Besides, no matter what their final stats were or weren't, I defy any knowledgeable fan to tell me that C.T. Bradford, Adam Frazier, Taylor Stark, Daryl Norris, et.al. are not just plain good ballplayers who will only get better. And I mean not only better in the way any athlete does with experience, but better from a more-promising starting point than the general level of frosh and transfers State had on the roster starting around, ohh, 2006 or so. Put more bluntly, there is just a higher level of total and individual ability here, today, to be developed than we've had for a long time. A long, long time.

I'm not gonna attempt assembling a lineup today, understand. But with absolutely no insult aimed at any of the departing seniors—they know, they see—I have to be encouraged that the general level of ability will upgrade. With, again, more development. Take cases like Demarcus Henderson (now that his vision issues have hopefully been fixed) and Hunter Renfroe, who we scarcely got to see this season because there were seniors handling those spots. I've no clue what we'll do with Wes Rea as far as position but getting his bat in the order could be big. I want to see how and where a Brayden Jones is worked in, and so on.

The depth of potential pitching is as impressive as any season in my MSU tenure. Yeah, I said it. Now that doesn't mean everything or much anything is defined, beyond Caleb Reed going for the season saves record next year. He was one short this time and only because he won the Saturday game…and by the way anyone who claimed he was run out there unwisely Sunday needs to know the guy. There wasn't a stout enough rope in Florida to have tied Reed to the bench that seventh inning, he'd have put himself in. Do have enough dignity to accept that a good hitter went down and got a well-placed pitch and golfed it over the fence. It happens.

Sure, Nick Routt would love to have been drafted and if a free agent offer comes in summer it won't be a huge surprise. But the now-healthy guy we watched in June can be the core of a winning rotation in '12, just as we'd hoped for '10 before the elbow issues…which ought to be over now that he's been taught a different sort of changeup. The two crucial keys are beyond Bulldog control, though. First, can Chris Stratton fix whatever it was inside that sent his soph season skidding out of control? He is just too solid a starter and person not to get it done, we have to hope, and should he return refreshed and recharged for the junior year State could have a guaranteed game-three guy.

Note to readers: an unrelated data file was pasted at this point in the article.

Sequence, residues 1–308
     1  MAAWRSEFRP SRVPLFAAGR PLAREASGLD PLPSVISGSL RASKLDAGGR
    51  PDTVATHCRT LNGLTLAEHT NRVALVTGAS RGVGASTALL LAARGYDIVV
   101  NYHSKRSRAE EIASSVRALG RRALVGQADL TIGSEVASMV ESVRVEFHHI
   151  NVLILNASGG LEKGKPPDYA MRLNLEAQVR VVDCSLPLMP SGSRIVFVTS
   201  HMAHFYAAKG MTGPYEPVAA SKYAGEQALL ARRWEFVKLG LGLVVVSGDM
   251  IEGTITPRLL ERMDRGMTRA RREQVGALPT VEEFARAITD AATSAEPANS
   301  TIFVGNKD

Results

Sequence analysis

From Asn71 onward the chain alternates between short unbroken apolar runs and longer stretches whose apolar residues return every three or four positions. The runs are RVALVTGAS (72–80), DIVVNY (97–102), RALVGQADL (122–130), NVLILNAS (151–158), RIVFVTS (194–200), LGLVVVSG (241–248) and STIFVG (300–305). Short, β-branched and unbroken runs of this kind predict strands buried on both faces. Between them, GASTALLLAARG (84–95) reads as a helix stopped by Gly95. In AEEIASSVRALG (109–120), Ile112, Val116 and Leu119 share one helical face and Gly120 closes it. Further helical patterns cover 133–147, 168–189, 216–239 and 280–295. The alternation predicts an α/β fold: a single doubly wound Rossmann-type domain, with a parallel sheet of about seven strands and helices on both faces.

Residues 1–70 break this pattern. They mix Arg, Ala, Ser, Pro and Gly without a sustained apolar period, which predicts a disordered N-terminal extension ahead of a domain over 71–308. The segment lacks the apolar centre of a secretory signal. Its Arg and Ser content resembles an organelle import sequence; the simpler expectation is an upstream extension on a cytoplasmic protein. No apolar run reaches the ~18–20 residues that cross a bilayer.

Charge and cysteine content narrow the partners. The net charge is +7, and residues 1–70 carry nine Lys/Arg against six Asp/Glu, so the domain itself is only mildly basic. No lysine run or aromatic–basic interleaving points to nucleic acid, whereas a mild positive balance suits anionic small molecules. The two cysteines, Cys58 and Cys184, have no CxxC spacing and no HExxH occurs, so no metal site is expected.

Yeah, I said game-three, though that depends on the other key: having two well-drafted frosh choosing college baseball first. Cohen prefers bringing new kids along gradually for hitting and fielding, but if they can find the strike zone the job awaits. Immediately.

Know what the lasting legacy of the 2011 team could be? Not only that they got Bulldog baseball back to tournament time, back to winning, back to just plain having fun on the field. But that they helped set a stage for their successors. In fact Cohen, a serious football fanatic, compared this June to December bowl practices for developing the next team.

"These guys get an extra month of practice. We got a significant more amount of time not being in school with the younger players get to be around some great older guys. And they get to view it and be a part of it. Even though Daryl Norris goes out and walks two people, you know you know the experience is going to help him. Even though Taylor Stark walks two people you know the experience is going to help him. C.T. Bradford is going to be better.

"We have some really talented guys who sat and watched this weekend and last weekend, and all those guys got better. That's how you have to build a program, with the right players and you have to sequence them so they don't have to do too much for you as freshmen."

Oh, and next year's frosh will have another tiny advantage, or at least we hope so. The '12 SEC schedule rotates Kentucky onto State's slate, replacing Georgia. Hmmm, but then I already said it's impossible to predict how good or not teams can be… What the heck, I'll take that tradeoff. But as a certain SEC administrator with experience in such things has said, the odd truth is State actually was better off in RPI terms beating Vanderbilt or South Carolina once than they would have been taking two from UK this year. Seriously, despite one more win the Bulldogs would have been that much closer overall to not getting a NCAA bid! LSU and Ole Miss can now curse, again.

Heck with ‘em, they didn't get in. The Dogs did and made just about as much of the invitation as any, any of us could have asked. I really believe only an actual Diamond Dog has the right to be disappointed today; rest of us ought to be cheering. And, cheerful for what we now have reason to hope the '12 team can bring.

No, to again borrow from the day's theme song, an Omaha trip this year was a dream they'll never see. I just hope the departing Dogs don't stay hung-up on that fact. Thanks to their close-call labors and an ultimately successful turnaround season achieved despite low forecasts and great obstacles, State teams to come should have their chance to get back in the race.